The characteristic leaf damage produced by Lace Bugs (order Hemiptera; family Tingidae) is becoming evident in southwest Ohio. Lace bugs are tiny insects with the adults measuring no more than 3/16" long. They are so-named because of the lace-like pattern of veins and membranes in their wings. The nymphs are even tinier and appear to be covered in small spikes.
Most of the common lace bugs found in Ohio live on the underside of leaves where both the adults and nymphs use their piercing/sucking mouthparts to suck juices from the leaves. Their feeding damage produces characteristic tiny yellow or whitish leaf spots commonly called "stippling" on the upper leaf surface. The stippling may first appear as distinct 1/4 - 1/2" diameter spots on the upper leaf surface created by 1st instar nymphs feeding near the cluster of eggs from which they hatched.
Heavy stippling may coalesce to produce large, white patches that may eventually become yellow-to-copper colored. Both the adults and nymphs produce black tar-like fecal deposits that also add to the unsightly appearance of heavily infested leaves. High lace bug populations can produce enough leaf damage to cause early leaf drop, branch dieback, and even the death of small trees and shrubs.
Two General Groups of Lace Bugs
Lace bugs can be divided into two general groups: those that feed on deciduous trees and shrubs and those that feed on evergreen shrubs. This is important because lace bugs that feed on evergreen shrubs overwinter as eggs. The nymphs immediately begin to feed once the eggs hatch in early spring meaning that leaf damage occurs early in the season. Lace bugs that feed on deciduous hosts spend the winter as adults under the bark. The time required for egg laying and egg hatch in the spring means damage does not usually appear until late spring.
The two most common lace bugs that feed on evergreen shrubs in Ohio are the azalea lace bug (Stephanitis pyrioides) and rhododendron lace bug (S. rhododendri). Both confine their feeding to their namesake hosts.
Several species of lace bugs are found in our state that feed on deciduous trees and shrubs. Some confine their feeding to their namesake hosts such as the oak lace bug (Corythucha arcuata), walnut lace bug (C. juglandis), and Buckeye lace bug (C. aesculi). Others have multiple hosts such as linden-basswood lace bug (Gargaphia tiliae) which is found on all members of the Tilia genus, and sycamore lace bug (C. incurvata) which feeds on sycamores and occasionally London Planetree. The hawthorn lace bug (C. cydoniae) has the most cosmopolitan palate feasting on a wide variety of rosaceous plants as well as a few plants outside of the rose family. However, they are commonly observed on hawthorn as well as Cotoneaster sp. and Amelanchier sp.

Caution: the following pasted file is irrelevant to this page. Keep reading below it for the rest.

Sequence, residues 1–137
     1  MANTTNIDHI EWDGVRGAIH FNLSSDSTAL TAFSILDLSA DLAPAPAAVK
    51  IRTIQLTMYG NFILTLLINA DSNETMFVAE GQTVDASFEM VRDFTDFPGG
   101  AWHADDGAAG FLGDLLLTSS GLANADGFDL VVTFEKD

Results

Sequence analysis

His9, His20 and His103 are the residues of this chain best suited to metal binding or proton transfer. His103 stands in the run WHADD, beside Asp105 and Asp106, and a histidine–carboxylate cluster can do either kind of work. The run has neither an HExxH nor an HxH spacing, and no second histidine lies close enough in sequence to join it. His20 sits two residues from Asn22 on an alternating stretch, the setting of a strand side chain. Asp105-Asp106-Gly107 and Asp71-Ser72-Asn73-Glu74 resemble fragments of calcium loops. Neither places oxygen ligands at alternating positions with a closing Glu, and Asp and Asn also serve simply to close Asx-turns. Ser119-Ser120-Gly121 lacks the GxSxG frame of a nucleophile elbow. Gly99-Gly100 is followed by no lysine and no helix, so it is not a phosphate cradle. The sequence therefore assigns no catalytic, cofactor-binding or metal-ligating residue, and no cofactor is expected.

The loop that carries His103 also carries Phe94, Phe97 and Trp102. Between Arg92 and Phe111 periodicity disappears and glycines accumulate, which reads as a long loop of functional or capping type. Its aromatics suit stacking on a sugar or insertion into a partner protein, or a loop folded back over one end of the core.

Chrysanthemum lace bugs (C. marmorata) are unusual in two ways. They are found on both the lower and upper leaf surfaces and they may feed on a wide range of herbaceous perennials in the Asteraceae family including asters, black-eyed Susans, goldenrods, and sunflowers. These lace bugs may greenhouses as well as landscapes. Indeed, some infestations I've come across in landscapes in recent years originated in greenhouses.
Lace Bug Management
There are numerous approaches for effectively managing lace bugs; however, early detection is essential to avoiding significant damage. Several of these species have multiple generations per season; their damage builds with each succeeding crop of new bugs.
Effective suppression includes simply applying a heavy jet of water to the lower leaf surfaces to blast away the nymphs. After their water ride, the displaced and disoriented nymphs never find their way back to their hosts. The "whoopee" then splat is followed by an "oh no!" At least, I'd like to think so.
Insecticidal soaps and horticultural oils are also effective against the nymphs; however, direct contact is required. The same is true for pyrethroid insecticides; they are stomach poisons but lace bugs are sucking insects. Systemic insecticides are effective but some, such as imidacloprid (e.g. Merit), must be applied with enough lead-time to allow the active ingredient to migrate to the leaves in a high enough concentration to kill the lace bugs. Of course, before using any insecticide, you must read and follow label directions paying particular attention to avoiding impacts on pollinators (e.g. "Bee Friendly" label restrictions). This is a particular concern with controlling chrysanthemum lace bugs. The lace bug water ride may be the best option!